United States of Resistance

Shortly after the presidential election, “Trump Nation/Whites Only” was written on the wall outside a majority-immigrant church in Maryland. The response is to either quietly wash the wall or stand against hatred and promote tolerance. “All citizens of good conscious must join the Resistance to Donald J. Trump’s authoritarian administration,” writes public relations consultant Len Stein. To visualize and unite the various resistance groups and present the movement with a unifying symbol, Stein proposes that resisters wear a triangle ‘R’ badge on their sleeves when protesting—immigrants, refugees, people of every ethnicity, religion, sexual orientation or political affiliation. The ‘R’ triangle symbols were designed by Tucker Viemeister. I asked Stein to talk more about this act of resistance.

Screen Shot 2017-03-15 at 3.42.00 PM

What prompted this logo?
At this time of existential threat to American democracy, we felt the need to support the full spectrum of resistance movements and discovered that there is no unifying visual symbol to support Resistance at large.

The triangle reminds me of the color-coded prison emblems used at concentration camps—any relation?
Exactly! We sought to co-opt the notorious system of Nazi camp badges by using their colored triangles as the foundation for the ‘R’ for [the] Resistance badge logo. In doing so, we want to subconsciously warn people of the dangers of authoritarian rule that we now face and provide an instantly recognizable image that will create a strong emotional reaction.

How should the Resistance use these? Like V for Victory?
Like ‘V’—yes. We plan to contact leading resistance groups in the hopes that each will select the appropriate colored badge for their organization, from immigrants (brown) to LGBTQ (rainbow) to American patriots (red, white, blue striped), etc. Our goal is to see masses of protesters proudly wearing their ‘R’ badges, which they can easily print onto pressure sensitive labels or sew upon their sleeves.resist-jpegs-003

How will you make this universal?
We’ve created a color-coded badge for groups ranging from generic (red) to Jewish (yellow) to artists (orange) to African Americans (black), etc. Or, any group is free to create their own ‘R’ badge color. In this way, the color system makes a universal resistance statement.

Do you think identifying oneself as ‘R’ will have an impact?
One hopes that by showing the commonality of Resistance, whatever your specific cause, we can unite the many disparate groups into one huge movement with a common goal—save our democracy from the threat of a wannabe authoritarian regime.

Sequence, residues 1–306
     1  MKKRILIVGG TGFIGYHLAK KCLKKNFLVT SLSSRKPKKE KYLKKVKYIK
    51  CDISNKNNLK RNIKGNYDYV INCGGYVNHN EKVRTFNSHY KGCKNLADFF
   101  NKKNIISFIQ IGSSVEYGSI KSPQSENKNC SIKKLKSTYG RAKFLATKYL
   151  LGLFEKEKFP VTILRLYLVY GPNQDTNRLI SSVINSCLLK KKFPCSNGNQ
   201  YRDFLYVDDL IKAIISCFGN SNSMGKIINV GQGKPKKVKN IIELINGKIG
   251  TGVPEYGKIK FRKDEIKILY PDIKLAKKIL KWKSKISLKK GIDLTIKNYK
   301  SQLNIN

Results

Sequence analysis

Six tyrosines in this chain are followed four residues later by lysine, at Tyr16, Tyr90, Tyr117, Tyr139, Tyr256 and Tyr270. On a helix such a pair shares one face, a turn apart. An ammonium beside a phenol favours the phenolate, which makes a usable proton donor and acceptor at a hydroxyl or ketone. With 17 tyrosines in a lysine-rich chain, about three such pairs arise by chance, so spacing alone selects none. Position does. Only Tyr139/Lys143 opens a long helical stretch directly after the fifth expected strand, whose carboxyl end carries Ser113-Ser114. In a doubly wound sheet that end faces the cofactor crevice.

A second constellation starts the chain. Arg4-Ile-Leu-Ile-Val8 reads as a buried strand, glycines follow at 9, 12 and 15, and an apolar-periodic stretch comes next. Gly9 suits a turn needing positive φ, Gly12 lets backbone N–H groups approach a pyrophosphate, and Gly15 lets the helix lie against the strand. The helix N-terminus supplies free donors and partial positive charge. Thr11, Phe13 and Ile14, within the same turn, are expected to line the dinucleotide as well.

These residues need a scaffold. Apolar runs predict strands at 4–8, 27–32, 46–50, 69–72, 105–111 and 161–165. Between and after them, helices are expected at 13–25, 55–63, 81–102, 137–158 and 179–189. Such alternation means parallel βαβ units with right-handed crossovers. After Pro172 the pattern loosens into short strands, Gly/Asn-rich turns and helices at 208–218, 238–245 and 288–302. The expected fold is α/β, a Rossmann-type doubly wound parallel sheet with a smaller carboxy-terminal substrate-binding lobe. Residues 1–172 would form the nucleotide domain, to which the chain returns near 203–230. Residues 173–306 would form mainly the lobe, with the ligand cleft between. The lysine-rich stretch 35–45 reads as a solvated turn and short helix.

Support PRINT.

The experts who write for PRINT magazine cover the why of designwhy the world of design looks the way it does, how it has evolved, and why the way it looks matters. Subscribe to PRINT today, and get in on the conversation of what the brightest minds in the field are talking about right now—essential insight that every designer should know to get ahead.

Treat yourself and your team to a year of PRINT for $40—which includes the massive Regional Design Awards issue ($30 on newsstands).

print_2016issues

14 thoughts on “United States of Resistance

  1. Steven Heller Post author

    This column reports and comments on issues and concerns about design and designers. This re-application of the infamous Nazi symbol worn by victims of the concentration camp atrocities is one approach to address personally what its creators believe is a need to resist the “new normal.” That it has offended some is endemic to the issue itself. I have long written about how signs and symbols have been tarnished and burnished. As with the Swastika, some symbols should never be revisited or reborn. Some are ripe for reinterpretation. The passion shown by these critics is admirable and thought provoking. The rationale of its creators has merits too. As noted in the interview, it builds on the concept Act-Up used when branding their AIDS movement with the pink triangle. We live in very difficult times, when many of us are trying to come to grips with a new reality and a alternative democracy — and take back respect that is being lost. I respect the creators and the critics. There are large issues at stake when truth is on the chopping block, so I believe it is important to show some of the individual expressions of dissent, even if they don’t please everyone. Designers have a responsibility to be responsive to the crises we are facing and this column will do that when possible through reportage and criticism.

  2. Zona